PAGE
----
As Queensland counts the cost of its second major flood in as many years, figures have come to light revealing the state has the greatest percentage of residents without flood insurance.
A survey used in the Industry Advisory Group's June 2012 submission to the Productivity Commission’s review of each state's response to natural disasters showed almost 40 per cent of Queensland homes were not insured against floods, despite the state's disasterous experience in 2010-11.
Of the 1200 Queenslanders surveyed for the report, 38 per cent said they did not have any flood insurance.
Western Australia was next in line for the most amount of people without flood insurance (37 per cent) followed by South Australia (32 per cent), Tasmania (31 per cent), New South Wales (29 per cent), the ACT (16 per cent) and the Northern Territory (10 per cent).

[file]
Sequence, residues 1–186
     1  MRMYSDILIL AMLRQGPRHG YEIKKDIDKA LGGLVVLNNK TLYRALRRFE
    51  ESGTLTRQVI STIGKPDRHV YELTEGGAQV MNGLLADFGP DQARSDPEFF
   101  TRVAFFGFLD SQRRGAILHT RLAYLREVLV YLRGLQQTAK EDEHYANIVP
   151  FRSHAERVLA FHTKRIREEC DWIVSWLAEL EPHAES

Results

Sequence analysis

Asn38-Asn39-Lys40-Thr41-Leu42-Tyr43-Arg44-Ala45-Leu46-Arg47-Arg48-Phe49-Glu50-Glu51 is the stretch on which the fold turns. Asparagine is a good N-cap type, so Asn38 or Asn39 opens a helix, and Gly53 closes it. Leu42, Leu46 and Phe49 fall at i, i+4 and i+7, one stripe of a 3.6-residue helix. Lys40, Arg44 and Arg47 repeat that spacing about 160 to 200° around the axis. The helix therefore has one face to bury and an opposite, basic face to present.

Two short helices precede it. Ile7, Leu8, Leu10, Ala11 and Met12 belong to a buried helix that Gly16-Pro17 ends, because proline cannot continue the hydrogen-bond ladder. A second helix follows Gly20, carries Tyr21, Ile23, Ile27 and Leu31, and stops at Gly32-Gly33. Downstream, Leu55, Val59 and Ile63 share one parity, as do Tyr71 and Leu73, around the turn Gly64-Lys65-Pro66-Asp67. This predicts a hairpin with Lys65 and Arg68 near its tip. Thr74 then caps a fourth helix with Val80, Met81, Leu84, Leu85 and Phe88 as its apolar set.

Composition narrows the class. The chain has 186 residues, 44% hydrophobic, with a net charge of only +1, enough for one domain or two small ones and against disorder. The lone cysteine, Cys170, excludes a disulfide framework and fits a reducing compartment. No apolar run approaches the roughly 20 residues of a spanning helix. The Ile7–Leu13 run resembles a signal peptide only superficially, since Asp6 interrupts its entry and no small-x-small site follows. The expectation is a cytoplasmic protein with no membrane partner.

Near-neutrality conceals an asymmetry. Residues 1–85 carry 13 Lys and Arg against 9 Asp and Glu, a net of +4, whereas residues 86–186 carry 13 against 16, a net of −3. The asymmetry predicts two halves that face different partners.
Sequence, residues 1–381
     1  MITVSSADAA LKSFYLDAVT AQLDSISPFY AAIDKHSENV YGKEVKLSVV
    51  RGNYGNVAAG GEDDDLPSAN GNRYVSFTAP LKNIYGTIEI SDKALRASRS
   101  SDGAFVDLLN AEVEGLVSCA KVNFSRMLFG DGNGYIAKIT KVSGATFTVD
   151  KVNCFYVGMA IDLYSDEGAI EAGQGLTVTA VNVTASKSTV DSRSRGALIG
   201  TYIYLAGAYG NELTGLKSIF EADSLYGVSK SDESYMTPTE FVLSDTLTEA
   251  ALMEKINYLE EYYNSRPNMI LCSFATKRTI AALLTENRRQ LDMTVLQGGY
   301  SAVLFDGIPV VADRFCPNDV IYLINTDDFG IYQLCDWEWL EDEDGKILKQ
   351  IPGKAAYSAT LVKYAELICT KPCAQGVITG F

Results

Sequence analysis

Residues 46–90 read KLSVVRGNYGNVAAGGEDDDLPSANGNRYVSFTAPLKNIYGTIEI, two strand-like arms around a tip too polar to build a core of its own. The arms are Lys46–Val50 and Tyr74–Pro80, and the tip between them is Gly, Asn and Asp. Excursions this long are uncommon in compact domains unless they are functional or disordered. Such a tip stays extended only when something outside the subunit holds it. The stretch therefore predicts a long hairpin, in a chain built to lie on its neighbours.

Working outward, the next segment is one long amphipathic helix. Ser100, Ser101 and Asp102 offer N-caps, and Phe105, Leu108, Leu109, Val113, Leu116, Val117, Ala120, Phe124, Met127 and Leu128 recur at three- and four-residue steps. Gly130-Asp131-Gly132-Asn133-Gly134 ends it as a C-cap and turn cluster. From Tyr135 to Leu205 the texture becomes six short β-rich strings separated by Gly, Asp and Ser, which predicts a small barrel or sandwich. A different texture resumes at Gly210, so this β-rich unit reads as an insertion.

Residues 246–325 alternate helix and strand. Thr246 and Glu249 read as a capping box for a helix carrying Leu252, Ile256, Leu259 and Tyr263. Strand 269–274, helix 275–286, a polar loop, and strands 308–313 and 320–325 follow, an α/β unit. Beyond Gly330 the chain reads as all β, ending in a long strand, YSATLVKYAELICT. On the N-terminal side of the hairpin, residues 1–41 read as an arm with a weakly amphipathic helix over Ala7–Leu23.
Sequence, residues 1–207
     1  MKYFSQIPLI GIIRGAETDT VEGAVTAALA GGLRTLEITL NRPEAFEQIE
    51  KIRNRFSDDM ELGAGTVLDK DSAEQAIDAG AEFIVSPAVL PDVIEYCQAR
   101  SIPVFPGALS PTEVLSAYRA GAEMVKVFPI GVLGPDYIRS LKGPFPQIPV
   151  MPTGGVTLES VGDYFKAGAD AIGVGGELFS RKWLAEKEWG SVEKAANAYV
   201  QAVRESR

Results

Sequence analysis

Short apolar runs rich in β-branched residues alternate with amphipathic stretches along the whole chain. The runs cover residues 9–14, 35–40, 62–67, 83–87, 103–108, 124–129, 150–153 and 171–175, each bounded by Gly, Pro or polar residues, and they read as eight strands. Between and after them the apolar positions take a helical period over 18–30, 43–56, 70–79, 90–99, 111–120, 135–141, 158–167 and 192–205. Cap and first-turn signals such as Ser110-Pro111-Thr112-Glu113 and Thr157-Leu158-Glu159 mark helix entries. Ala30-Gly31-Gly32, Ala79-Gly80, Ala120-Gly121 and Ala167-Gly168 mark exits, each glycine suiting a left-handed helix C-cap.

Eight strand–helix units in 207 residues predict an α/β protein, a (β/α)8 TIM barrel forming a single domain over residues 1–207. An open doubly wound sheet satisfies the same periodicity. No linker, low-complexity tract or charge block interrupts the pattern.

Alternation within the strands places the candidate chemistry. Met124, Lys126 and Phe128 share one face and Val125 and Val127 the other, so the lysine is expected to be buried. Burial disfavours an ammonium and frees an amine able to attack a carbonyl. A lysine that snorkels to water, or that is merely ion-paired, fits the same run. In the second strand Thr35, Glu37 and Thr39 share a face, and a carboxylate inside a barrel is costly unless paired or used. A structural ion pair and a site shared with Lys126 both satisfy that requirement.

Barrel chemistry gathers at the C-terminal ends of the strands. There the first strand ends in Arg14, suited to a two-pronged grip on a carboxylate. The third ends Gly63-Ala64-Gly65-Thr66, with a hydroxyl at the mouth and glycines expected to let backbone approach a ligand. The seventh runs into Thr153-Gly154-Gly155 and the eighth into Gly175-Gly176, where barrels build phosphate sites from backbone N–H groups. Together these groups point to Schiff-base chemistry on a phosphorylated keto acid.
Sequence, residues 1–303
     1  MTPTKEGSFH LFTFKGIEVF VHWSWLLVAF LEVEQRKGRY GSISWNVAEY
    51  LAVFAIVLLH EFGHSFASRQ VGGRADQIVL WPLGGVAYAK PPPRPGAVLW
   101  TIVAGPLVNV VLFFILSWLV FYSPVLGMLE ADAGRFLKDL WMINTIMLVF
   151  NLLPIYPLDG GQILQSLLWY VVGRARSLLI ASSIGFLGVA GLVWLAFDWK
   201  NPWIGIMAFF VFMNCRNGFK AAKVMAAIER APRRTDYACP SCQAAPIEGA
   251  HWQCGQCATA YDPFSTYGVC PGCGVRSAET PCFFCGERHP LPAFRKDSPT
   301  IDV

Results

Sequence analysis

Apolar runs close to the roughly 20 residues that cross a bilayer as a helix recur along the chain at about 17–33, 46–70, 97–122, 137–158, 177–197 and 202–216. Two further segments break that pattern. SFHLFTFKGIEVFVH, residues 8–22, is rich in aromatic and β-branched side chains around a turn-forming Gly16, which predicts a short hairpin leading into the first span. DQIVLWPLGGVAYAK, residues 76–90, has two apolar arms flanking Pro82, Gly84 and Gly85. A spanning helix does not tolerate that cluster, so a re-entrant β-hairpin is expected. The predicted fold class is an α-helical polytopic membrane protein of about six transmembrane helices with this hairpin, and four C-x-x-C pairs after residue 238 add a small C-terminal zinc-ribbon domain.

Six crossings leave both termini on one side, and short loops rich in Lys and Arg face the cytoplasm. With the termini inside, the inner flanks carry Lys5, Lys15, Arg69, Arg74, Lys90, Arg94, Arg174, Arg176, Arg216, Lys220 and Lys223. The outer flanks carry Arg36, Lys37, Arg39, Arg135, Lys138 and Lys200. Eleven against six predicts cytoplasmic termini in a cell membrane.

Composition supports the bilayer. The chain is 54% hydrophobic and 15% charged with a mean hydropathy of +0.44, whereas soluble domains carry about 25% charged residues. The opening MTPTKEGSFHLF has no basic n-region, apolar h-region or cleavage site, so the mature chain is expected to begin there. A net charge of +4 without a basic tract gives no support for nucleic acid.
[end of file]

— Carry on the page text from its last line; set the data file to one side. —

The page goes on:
Griffith University environmental economics lecturer Alex Lo said the figures were surprising, given the widespread flooding Queensland suffered in the summer of 2010-11.
However, Dr Lo said many residents would have been of the view that the state would not be hit again so soon.
‘‘They think it is a one-in-100-year flood, so they think it is not going to happen at least in the next 100 years,’’ he said.
Dr Lo said they failed to understand that a one-in-100-year risk referred to the likelihood of a flood occurring in any one particular year, not every 100 years.
He said people looked at the experience of their friends and families when deciding whether or not to buy flood insurance.
‘‘If they think that those people would encourage them to have flood insurance, those people are more likely to have flood insurance,’’ he said.
The Insurance Council of Australia last night said its research in September 2012 showed the proportion of policies offering flood cover had increased from 3 per cent in 2006 to almost 80 per cent in 2012.